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Stocks eke out tiny gains as Greece nears bailout
Question of the Day
U.S. stocks turned positive Monday afternoon, in a day of uneven trading plagued by investors’ fears about the approaching “fiscal cliff.”
The Dow Jones industrial average was up 42 points at 12,857 as of 1:20 p.m. Eastern time. It had been slightly lower for most of the day before turning decisively positive around 1 p.m.
The Standard & Poor’s 500 index rose five points to 1,384. The Nasdaq composite added 12 to 2,916.
Trading was light. The federal government and the U.S. bond market were closed for Veterans Day, and there were no economic reports scheduled for release.
The fiscal cliff refers to government spending cuts and tax increases that are scheduled to kick in at the beginning of the new year, unless a divided Congress and the White House can work out a compromise before then.
Some traders thought the uncertain moves were nearly inevitable because there has been no strongly positive or negative news about the economy or the possibility of a deal to avoid the fiscal cliff.
“Nothing good is going on,” said Scott Freeze, president of Street One Financial in Huntingdon Valley, Pa. “Everything forward-looking remains dreary.”
Last week, after voters returned a long-deadlocked divided government to Washington, the Dow dropped 434 points in two days and had one of its worst weeks of the year.
Even if lawmakers work out a compromise, as they usually do, the political fight until then is sure keep investors on edge, pitching the stock market back and forth until it’s resolved. Economists say the cliff could cost the economy $800 billion and 3 million jobs and would plunge the U.S. back into recession.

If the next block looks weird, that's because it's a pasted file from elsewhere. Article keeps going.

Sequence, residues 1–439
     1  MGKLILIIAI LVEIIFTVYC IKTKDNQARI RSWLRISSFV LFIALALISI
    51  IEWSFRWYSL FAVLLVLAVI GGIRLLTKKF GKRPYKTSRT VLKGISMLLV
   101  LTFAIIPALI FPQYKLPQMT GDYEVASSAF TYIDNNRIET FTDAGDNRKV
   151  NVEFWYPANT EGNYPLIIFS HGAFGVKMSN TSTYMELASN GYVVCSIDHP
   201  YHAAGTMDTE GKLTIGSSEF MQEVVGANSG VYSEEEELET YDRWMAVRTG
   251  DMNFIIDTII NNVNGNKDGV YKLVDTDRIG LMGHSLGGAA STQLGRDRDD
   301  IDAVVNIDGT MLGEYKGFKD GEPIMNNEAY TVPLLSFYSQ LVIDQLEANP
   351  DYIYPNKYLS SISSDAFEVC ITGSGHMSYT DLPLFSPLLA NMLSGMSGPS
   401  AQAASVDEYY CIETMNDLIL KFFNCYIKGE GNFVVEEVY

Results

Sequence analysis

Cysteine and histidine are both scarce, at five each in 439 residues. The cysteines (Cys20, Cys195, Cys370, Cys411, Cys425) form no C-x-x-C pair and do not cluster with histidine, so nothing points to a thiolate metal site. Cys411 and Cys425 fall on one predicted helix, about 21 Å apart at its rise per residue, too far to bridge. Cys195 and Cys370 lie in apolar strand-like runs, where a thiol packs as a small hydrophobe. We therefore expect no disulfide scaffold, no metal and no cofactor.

President Barack Obama, a Democrat, and House Speaker John Boehner, a Republican, have spoken of compromise but appear to be taking firm stances on some issues. Obama will meet with labor representatives as well as other progressive groups Tuesday. He’ll hold separate meetings with the business community Wednesday.
The effect on the markets has been widespread. Fiscal cliff worries were blamed for keeping a lid on European markets and Asian markets, which closed mostly lower.
In Greece, lawmakers passed a new austerity budget, and the other countries that use the euro issued a positive report on the country. Greece is hoping the other euro countries will give it another $40 billion in bailout loans. The budget and the report are crucial steps toward that goal.
Still, the new bailout isn’t a sure thing: Some of the potential lenders must seek approval from their parliaments. Greece’s main stock market index closed down 3.6 percent.
Freeze was among the underwhelmed. “At this point, all the Greek news is just noise,” he said. “None of these bailouts really solve the underlying problem. Now if all of a sudden Spain became incredibly solvent and its unemployment rate went to 5 percent, then you’d see” a reason to buy.
Across Europe, there were other reminders that the debt crisis is far from solved. The Banking Association of Spain, a country where hundreds of thousands of borrowers have fallen behind on their mortgages, said it would curb evictions of some struggling homeowners. In Portugal, demonstrators planned protests against a scheduled visit from German Chancellor Angela Merkel. Germany helped bail out Portugal last year and insisted that the government there cut spending as a condition of getting the money, a sore point for some in Portugal.
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